Posts Tagged ‘Santa Cruz Coffee Roasting Company’

Presented below is the third day of the Loma Prieta “Earthquake Collage” written by Robert Sward, a poet and novelist, from his work with students and faculty and staff at Cabrillo College. (Move on to Day 4, or back to Day 2.)

Thursday, October 19, Day 3

Theater director Wilma Marcus says at the moment the quake hit, a student was being video-taped as she sang these lines from the Carole King song, “…I feel the earth move under my feet…”

Later, re-playing the tape, W. saw the singer’s face contort as she was thrown about the room. Young singer clinging to support beam as video camera went dead.

B., another colleague, says all he wants to do is to play the cello.

Dinosaur Hatching Weather

The nights are dark and, apart from the occasional aftershock, siren and house shaking, silent. The days are hot. Blue sky and windblown clouds. Businesses and schools closed. People going around in bathing suits and shorts.

Bright, sunny, 90 degree weather… day after day. Before the Great Earthquake of 1906, there was also a hot spell, says the San Francisco Chronicle… just like now. Seismologists insist there’s no connection.

Indian summer before and after. “Too good to be true weather.” But this is California. Whatever the weather, it’s earthquake weather.


“California sits on the boundary between the Pacific and North American plates, which are moving with respect to each other at about two inches a year,” says seismologist Kate Hutton.

“…quakes happen because [the two] plates do not move smoothly along a fault line. They catch, like two pieces of sandpaper being rubbed against each other, and then suddenly slip…”


Confronted with evidence of a 7.1 earthquake, Mother Nature flutters her eyelashes and responds with a look of innocence, “Who, me?”

Normally near our house we see hummingbirds, hawks, robins, blue jays… Why is it that… have all the birds vanished?


Outside the Santa Cruz Coffee Roasting Company, where Shawn McCormick, 21, and Robin Ortiz, 22, died when a wall fell on them… Police have strung a yellow and black ribbon, “Scene of Crime–Stay Out…” This yellow and black tape, in fact, surrounds the entire downtown area.

An NBC television crew is rumored to be waiting for Vice President Dan Quayle to arrive. The Vice President of Disaster is coming to the scene of a Disaster.

Later, G. and I re-trace our steps thinking that Quayle, if he has in fact arrived, will by now have left. But he hasn’t even appeared. Next we learn that Gov. George Deukmejian will avoid a mob scene and detour to the demolished Warehouse Liquor Store on Soquel for a photo opportunity. A policeman says the Duke will appear for about 90 seconds, make no comment to anyone, and then leave. Dan Quayle or George Bush may or may not come with the Duke.  Quayle, Bush and the Duke apparently want to be seen “seeing” the disaster area so they can be seen later in the day on television seeing the disaster area.

Reporters trying to “place” Santa Cruz (California’s favorite seaside resort), attack guidebooks and the “World Almanac:”

•        California’s Holy Cross, so named by Father Serra in 1791, one of the padre’s twenty-one missions.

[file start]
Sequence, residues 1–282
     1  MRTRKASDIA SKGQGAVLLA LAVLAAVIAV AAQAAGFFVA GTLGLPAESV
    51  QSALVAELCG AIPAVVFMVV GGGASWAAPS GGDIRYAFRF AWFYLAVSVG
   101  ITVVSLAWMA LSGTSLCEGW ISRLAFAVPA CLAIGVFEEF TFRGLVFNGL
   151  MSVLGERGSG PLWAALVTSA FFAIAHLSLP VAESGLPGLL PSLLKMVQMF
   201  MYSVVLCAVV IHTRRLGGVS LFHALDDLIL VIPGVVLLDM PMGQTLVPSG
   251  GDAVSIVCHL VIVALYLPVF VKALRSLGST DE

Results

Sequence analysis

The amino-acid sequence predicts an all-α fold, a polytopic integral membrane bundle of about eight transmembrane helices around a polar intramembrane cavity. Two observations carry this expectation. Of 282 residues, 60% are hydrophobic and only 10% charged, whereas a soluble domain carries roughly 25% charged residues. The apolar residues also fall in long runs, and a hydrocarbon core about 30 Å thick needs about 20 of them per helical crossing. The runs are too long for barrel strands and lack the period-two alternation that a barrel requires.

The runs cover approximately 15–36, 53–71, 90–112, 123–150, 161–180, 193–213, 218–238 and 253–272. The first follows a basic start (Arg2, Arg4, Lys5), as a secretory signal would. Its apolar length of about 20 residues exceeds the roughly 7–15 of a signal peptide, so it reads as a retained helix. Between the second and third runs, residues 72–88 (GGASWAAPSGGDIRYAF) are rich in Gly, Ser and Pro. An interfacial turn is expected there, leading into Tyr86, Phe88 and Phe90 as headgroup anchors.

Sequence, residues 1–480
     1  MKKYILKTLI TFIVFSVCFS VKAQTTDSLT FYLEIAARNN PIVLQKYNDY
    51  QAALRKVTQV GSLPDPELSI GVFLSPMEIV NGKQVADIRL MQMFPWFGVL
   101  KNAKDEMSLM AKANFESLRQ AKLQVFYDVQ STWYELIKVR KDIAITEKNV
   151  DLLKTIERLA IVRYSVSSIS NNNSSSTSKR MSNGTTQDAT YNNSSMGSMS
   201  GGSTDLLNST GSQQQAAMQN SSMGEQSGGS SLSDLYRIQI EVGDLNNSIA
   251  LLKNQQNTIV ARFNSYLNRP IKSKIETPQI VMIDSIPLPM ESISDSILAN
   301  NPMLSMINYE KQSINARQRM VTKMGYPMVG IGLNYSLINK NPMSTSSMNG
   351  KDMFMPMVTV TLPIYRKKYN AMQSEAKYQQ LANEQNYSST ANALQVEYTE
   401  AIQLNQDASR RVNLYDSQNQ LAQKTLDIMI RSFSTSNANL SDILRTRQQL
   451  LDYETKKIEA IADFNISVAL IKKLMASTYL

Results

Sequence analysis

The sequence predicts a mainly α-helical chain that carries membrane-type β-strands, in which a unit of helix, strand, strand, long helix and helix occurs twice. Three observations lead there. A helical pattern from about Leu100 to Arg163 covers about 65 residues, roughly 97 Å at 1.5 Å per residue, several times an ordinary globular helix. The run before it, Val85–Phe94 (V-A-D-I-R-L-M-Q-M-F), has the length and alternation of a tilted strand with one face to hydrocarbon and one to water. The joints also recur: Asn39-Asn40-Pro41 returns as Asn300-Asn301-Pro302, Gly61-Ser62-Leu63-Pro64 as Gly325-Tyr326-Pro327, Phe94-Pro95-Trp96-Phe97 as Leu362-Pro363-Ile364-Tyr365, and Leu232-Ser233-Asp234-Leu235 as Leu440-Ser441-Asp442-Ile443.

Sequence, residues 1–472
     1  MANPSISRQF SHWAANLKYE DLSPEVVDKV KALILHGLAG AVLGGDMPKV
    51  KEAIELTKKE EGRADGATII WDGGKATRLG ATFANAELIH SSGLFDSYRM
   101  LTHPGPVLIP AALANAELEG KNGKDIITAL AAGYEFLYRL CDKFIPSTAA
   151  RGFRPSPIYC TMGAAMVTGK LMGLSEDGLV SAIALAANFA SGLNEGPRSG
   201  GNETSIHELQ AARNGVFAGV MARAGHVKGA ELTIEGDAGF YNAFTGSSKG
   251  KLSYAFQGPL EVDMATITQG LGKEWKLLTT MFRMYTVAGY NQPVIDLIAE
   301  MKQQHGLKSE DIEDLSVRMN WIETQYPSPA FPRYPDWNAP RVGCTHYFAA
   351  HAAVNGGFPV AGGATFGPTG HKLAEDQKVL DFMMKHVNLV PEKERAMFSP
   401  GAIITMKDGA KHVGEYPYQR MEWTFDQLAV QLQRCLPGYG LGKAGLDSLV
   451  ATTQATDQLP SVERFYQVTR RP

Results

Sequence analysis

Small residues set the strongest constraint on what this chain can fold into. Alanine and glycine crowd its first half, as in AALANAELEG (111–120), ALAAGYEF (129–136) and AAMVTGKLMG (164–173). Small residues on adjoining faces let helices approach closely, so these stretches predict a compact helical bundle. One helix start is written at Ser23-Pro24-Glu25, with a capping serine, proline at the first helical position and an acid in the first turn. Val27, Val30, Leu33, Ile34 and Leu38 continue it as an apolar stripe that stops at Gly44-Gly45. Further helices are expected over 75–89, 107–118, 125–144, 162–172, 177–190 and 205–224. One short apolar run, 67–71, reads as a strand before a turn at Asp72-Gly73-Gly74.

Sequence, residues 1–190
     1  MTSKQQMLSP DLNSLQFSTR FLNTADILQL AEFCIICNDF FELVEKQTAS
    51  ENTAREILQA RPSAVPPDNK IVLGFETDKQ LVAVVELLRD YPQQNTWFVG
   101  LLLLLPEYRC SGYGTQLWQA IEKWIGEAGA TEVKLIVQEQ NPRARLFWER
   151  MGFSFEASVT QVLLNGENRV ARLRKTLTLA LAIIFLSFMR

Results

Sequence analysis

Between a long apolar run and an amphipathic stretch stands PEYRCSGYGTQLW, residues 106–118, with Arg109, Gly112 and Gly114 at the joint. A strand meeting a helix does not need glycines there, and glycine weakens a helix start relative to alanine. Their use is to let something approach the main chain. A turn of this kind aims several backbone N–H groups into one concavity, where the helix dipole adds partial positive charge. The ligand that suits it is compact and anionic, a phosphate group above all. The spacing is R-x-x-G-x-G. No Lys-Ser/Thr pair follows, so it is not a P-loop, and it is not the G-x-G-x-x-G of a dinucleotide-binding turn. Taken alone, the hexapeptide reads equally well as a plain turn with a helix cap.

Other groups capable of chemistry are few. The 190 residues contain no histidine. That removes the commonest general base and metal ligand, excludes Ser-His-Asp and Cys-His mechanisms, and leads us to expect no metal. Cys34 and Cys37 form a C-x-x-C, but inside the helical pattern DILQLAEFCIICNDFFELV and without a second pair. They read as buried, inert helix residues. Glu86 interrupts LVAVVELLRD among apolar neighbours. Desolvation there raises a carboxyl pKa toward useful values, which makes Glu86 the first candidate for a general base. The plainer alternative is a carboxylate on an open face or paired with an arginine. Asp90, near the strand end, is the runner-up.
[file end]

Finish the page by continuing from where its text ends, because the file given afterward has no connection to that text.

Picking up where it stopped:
•        Situated along the coast off US Highway 1, seventy-four miles south of San Francisco.

•        Population 44,100, altitude twenty feet

•        Major industries: agriculture, tourism, manufacturing, food processing and high technology

•        Largest employer: UCSC with 4,400 employees

•        Home to the Joseph M. Long Marine Lab – ‘Visitors are greeted by an eighty-five-foot long skeleton of a blue whale.’

Hard data that will become part of that ‘roll of bad news flung at our doors each morning,’ as Charles Atkinson puts it.


TV: Bush, Leon Panetta and Mayor Mardi Wormhoudt tour the mall looking solid and normal. The buildings, on the other hand, look ghostly. I identify with the buildings.



No, it’s not the San Francisco Earthquake and it’s not the World Series Earthquake, but the Loma Prieta, in honor of a remote peak near the quake’s epicenter.

“…the Loma Prieta event occurred on a deeper fault, a dipping fault deep in the root… of the San Andreas system of faults and it was not the vertical strike-slip faulting that one would have guessed would occur…”

–News Item

It’s a Spanish name. Loma Prieta, the Earthquake of the Dark Hill. “Seismologists continued to argue about how high the quake climbed on the Richter scale. They would finally settle on 7.1. But on Thursday, they agreed on one thing: The quake was one of the five great natural disasters to occur this century in the United States.”

–News Item

San Andreas Fault. Saint Andrew. The saint of lost things. How did Saint Fault get his name?


Read Full Post »

I live in the east bay but on October 17, 1989 I decided it would be a great day to visit my sister in Santa Cruz. Her daughter was going to turn 7 on October 19th and I thought it would be fun to go shopping with my sister and get her a birthday gift. I had 4 boys of my own. My husband had the day off from work so he agreed to watch the boys while I drove down to Santa Cruz to go shopping. I didn’t want to make things too hard for my husband so I took my youngest son with me. He was going to turn 3 that November. He was always happy and was easy to take places.